Entertainment News

Cannes festival shake-up: Red carpet selfies and press premieres canned, Netflix out of competition

The 71st edition of the prestigious festival will be held between May 8 and 19.

Ahead of the Cannes Film Festival’s official selection announcement on April 13, festival director Thierry Fremaux has rolled out a few shake-ups. The 71st edition of the festival, which will be held from May 8-19, will debar selfies on the red carpet and discontinue the practice of morning screenings for the media. Films produced by and streamed on platforms such as Netflix will not be featured in the competition section, reported Variety.

“This rule was established last year,” Fremaux told Variety in an interview about the decision to keep Netflix out of the competition. “It’s now clear: Any film which is selected to compete will have to be released in theaters.” The screening of Bong Joon-ho’s Okja and Noah Baumbach’s The Meyerowitz Stories in the competition created a heated debate last year, with distributors protesting that the decision affected their business.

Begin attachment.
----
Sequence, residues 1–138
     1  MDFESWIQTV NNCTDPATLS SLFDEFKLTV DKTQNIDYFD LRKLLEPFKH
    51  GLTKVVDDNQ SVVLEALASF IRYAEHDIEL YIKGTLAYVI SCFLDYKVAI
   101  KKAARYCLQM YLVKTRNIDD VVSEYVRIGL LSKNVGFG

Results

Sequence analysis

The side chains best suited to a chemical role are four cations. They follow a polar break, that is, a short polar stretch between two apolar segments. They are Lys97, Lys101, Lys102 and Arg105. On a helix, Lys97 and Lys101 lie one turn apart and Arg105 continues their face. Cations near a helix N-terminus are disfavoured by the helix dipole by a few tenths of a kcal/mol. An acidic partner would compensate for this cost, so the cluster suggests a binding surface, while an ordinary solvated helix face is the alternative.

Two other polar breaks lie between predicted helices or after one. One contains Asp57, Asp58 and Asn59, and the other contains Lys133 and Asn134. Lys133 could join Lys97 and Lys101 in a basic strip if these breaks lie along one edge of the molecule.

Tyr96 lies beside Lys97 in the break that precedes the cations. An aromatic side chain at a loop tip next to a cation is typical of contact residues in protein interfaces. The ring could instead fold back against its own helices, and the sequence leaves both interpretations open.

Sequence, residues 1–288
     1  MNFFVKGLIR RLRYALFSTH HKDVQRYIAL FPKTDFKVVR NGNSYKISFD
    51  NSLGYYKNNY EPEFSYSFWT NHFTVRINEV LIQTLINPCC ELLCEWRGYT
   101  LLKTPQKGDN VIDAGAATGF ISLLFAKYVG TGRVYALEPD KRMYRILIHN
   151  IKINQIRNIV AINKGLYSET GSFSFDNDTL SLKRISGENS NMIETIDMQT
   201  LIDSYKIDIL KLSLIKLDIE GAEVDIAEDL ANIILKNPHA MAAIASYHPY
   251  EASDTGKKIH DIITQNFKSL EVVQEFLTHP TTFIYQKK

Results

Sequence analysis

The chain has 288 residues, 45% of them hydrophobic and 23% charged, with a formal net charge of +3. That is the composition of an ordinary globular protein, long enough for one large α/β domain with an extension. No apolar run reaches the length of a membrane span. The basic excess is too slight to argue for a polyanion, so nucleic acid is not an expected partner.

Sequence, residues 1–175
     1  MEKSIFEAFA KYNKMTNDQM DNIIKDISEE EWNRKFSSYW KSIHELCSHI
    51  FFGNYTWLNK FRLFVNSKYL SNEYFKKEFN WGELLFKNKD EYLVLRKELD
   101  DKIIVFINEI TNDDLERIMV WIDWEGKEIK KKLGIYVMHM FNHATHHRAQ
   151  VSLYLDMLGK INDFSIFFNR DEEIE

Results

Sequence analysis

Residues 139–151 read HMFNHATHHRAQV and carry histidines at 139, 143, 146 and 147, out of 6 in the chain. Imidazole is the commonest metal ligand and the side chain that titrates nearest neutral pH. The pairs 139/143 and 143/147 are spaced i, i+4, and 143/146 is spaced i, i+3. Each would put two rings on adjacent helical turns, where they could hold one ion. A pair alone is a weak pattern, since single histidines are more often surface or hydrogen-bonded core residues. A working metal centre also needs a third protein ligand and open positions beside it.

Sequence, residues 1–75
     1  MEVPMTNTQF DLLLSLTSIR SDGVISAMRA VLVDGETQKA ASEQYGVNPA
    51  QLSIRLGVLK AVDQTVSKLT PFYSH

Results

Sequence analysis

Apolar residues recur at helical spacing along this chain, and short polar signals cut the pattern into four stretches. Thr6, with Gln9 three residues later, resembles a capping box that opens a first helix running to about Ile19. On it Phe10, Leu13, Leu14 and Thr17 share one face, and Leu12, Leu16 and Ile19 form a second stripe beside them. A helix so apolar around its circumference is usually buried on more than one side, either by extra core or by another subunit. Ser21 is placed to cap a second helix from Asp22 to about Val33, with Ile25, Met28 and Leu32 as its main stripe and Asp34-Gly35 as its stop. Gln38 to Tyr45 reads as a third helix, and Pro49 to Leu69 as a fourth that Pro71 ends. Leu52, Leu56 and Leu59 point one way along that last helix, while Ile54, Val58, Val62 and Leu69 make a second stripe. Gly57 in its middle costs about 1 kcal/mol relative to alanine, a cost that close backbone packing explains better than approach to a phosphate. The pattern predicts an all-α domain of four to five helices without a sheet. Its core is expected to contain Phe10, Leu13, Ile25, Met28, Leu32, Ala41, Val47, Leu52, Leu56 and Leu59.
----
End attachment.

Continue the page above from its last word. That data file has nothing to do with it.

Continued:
“Last year, I thought I could convince Netflix but they refused (to release films in theaters),” Fremaux told Variety. “That’s their economic model, and I respect it. But we are all about cinema and we wish to have films that play in competition get released in theaters. That’s the model of film lovers and Netflix must respect it as well.”

The other big shocker is the decision to drop the practice of screening films in the morning for the press ahead of their premieres in the evening. “We had one basic conviction: We would put the gala evenings and red carpet back at the heart of the festival,” Fremaux continued in the interview. “This is how world premieres become again… world premieres.”

Under the new schedule, journalists will be able to see films at the same time as the guests. “The suspense will be total!” Fremaux told Le Film Francais.

As far as the ban on red carpet selfies is concerned, the festival director did not mince words. “Selfies on the red carpet, in a continuous and touristy way, are ridiculous,” Fremaux told Variety. “It tarnishes the quality and tempo of the ascending of the steps... We go to Cannes to see movies, not to take selfies.”

Thierry Frémaux. Image credit: via YouTube.
Thierry Frémaux. Image credit: via YouTube.
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